Quoting Strings in Postgres

PostgreSQL offers multiple ways of quoting string literals. Most programmers are familiar with the first, but not the other forms.

Let’s look at them:

Single-quoted string constants:

$ psql
# SELECT 'What''s up?';
  ?column?
------------
 What's up?
(1 row)

Single-quoted literals are what you’ll see most often in SQL examples and in Postgres' own documentation.

If you want a literal quote (') in a single-quoted literal string, doubling the quote does the trick. This can be slightly eye-watering, though:

$ psql
# SELECT '''';
 ?column?
----------
 '
(1 row)

C-style string constants

Postgres also supports C-style string quoting using E'<text>' (or e'<text>'), where you escape characters by prefixing them with \:

$ psql
# SELECT e'How\'s my escaping?\n  Not terrible';
      ?column?
--------------------
 How's my escaping?+
   Not terrible
(1 row)

This is particularly handy when you need to mix in tabs and newlines into your strings, and for tricky Unicode characters, like non-breaking spaces, where writing them literally can confuse readers. Common Unicode characters in the basic multilingual plane (BMP) can be referenced as \uXXXX, and characters outside the BMP (such as Emoji) as \UXXXXXXXX, where X are hex digits:

$ psql
# SELECT e'\U0001F60A\u00A0\U0001F60A';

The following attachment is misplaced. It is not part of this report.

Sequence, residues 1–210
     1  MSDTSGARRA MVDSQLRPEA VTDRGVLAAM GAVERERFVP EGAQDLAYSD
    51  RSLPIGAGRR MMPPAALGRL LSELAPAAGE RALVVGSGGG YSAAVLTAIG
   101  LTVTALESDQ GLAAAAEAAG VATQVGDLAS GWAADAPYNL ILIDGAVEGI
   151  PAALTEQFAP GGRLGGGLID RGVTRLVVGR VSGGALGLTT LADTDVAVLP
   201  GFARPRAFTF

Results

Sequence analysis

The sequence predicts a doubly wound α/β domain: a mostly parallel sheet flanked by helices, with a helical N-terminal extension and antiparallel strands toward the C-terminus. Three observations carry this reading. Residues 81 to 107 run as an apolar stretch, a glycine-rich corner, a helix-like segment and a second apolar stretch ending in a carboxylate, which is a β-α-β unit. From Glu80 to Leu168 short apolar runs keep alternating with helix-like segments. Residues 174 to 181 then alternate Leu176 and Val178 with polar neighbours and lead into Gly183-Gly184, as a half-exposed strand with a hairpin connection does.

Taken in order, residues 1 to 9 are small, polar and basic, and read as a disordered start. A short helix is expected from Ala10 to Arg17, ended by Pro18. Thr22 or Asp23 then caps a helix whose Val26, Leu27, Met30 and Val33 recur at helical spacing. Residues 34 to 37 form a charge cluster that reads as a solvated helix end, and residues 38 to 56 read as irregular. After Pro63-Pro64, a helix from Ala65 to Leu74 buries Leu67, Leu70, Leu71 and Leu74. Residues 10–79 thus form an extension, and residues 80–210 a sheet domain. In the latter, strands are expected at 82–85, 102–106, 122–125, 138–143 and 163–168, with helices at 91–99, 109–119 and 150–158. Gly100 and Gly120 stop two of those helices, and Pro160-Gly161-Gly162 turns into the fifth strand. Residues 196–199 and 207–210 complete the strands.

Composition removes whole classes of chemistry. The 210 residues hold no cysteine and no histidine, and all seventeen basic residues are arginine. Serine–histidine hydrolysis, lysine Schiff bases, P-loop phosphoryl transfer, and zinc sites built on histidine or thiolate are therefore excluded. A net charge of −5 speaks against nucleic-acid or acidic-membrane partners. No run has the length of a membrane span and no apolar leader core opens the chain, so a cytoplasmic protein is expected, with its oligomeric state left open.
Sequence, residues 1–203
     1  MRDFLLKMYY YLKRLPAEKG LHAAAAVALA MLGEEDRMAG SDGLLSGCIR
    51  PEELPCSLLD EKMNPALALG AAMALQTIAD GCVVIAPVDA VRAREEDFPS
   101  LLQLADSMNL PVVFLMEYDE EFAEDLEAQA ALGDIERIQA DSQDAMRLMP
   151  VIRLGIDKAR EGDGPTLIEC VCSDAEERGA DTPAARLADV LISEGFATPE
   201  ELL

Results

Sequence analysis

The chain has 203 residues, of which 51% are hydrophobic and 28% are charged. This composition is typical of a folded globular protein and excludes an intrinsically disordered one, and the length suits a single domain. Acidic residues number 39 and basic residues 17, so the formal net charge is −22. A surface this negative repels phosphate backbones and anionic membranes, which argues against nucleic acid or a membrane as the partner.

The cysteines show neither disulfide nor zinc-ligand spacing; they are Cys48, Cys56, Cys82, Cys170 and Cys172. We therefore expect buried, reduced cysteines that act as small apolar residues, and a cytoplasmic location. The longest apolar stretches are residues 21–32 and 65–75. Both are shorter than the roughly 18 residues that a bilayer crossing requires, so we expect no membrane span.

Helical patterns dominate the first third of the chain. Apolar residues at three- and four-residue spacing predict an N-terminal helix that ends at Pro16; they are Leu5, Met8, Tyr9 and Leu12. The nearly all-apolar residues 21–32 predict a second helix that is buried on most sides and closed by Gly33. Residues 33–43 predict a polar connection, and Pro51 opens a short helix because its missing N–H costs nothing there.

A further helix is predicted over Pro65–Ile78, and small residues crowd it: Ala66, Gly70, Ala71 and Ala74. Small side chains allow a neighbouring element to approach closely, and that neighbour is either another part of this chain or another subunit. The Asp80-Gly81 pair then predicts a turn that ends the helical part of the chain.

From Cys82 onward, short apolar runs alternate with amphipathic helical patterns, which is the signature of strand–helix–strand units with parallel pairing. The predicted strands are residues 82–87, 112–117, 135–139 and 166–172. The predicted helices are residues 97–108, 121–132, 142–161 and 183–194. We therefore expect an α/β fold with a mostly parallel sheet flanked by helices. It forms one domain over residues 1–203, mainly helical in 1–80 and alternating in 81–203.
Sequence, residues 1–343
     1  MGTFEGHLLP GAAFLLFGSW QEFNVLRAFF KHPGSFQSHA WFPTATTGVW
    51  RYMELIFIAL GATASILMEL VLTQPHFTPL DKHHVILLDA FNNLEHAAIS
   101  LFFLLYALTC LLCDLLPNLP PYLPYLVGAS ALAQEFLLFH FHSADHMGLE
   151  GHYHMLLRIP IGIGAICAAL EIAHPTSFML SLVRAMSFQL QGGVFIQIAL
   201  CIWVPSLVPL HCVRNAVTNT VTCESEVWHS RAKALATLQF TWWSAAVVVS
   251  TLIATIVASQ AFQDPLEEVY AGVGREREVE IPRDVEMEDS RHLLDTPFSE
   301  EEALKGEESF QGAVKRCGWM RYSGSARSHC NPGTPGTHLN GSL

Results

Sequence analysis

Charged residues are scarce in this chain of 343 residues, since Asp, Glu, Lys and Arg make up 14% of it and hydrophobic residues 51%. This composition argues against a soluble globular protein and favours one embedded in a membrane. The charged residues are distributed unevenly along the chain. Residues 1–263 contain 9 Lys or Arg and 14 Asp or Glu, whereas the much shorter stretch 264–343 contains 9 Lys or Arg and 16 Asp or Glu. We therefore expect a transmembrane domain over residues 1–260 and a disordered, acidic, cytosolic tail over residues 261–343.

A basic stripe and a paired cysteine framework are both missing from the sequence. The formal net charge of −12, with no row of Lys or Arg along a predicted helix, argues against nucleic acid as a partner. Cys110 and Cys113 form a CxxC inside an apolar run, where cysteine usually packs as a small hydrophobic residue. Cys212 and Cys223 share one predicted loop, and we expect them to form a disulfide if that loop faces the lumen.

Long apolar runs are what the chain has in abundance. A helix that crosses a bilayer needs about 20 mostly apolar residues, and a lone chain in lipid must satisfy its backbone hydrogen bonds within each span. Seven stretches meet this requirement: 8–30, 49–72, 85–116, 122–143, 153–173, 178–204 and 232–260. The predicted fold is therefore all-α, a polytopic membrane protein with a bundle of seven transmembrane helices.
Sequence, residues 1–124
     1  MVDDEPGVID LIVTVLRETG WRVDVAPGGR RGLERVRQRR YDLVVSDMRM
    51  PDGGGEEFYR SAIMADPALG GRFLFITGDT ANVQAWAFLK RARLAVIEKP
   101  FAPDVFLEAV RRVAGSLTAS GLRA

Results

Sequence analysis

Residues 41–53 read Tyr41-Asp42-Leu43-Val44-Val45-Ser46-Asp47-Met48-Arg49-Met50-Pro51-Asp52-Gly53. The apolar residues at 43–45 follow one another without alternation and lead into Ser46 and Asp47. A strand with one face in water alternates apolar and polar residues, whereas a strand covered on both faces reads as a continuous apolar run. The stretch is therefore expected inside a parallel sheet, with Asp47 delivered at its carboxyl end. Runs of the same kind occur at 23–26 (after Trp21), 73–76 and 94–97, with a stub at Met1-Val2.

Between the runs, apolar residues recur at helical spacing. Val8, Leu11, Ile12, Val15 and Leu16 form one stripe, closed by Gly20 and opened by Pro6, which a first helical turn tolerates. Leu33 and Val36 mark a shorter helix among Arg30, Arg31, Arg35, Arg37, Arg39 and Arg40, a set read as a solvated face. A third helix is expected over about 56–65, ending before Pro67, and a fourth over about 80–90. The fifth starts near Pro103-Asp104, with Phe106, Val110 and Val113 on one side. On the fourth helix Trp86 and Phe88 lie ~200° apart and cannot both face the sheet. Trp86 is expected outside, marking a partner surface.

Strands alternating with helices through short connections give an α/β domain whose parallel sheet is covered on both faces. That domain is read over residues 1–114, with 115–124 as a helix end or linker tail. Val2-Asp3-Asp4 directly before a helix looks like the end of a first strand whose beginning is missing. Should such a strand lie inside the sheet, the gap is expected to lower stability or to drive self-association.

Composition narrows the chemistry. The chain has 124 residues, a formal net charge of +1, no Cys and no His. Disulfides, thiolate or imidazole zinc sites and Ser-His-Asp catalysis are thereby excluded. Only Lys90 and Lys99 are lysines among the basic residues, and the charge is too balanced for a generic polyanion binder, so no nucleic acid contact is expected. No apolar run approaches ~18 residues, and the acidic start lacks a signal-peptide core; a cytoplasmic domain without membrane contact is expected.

?column?
----------
 😊 😊
(1 row)

Unicode escape string constants

Unicode escapes use slightly simpler escape notation for Unicode characters:

$ psql
# SELECT U&'\+01F60A\00A0\+01F60A';
 ?column?
----------
 😊 😊
(1 row)

With U&'' strings, use \XXXX four-hex-digit escapes for BMP characters, and six-digit \+XXXXXX for characters outside the BMP.

Unicode escapes also support customizing the escape character with the UESCAPE keyword which is occasionally handy if, say, you’re trying to feed psql text via a command-line pipeline, and escaping \ is giving you a migraine.

Dollar-quoted string constants

Dollar-quoted strings are extremely useful when you must put SQL or PL/pgSQL in a string, because quoting SQL gets insane fast:

$ psql
# SELECT 'SELECT ''foo''';
   ?column?
--------------
 SELECT 'foo'
(1 row)

Dollar-strings solve this problem comprehensively. A simple dollar string extends from $$ to its paired closing $$. This is perfectly suited to defining functions:

$ psql
# CREATE OR REPLACE FUNCTION foo() RETURNS text IMMUTABLE LANGUAGE SQL AS $$ SELECT 'foo' $$;
CREATE FUNCTION
# SELECT foo();
 foo
-----
 foo
(1 row)

Dollar-strings also handle the case where your quoted string itself uses dollar-strings, by adding a tag as $tag$. A tagged dollar string runs from the starting $tag$ to its closing $tag$:

$ psql
# CREATE OR REPLACE FUNCTION bar() RETURNS text IMMUTABLE LANGUAGE SQL AS $body$ SELECT $$bar$$ $body$;
CREATE FUNCTION
# SELECT bar();
 bar
-----
 bar
(1 row)

Dollar-strings are also handy outside of defining functions, but less necessary there:

$ psql
# SELECT $quote$He said, 'Give me lots of $$$!'$quote$;
            ?column?
---------------------------------
 He said, 'Give me lots of $$$!'
(1 row)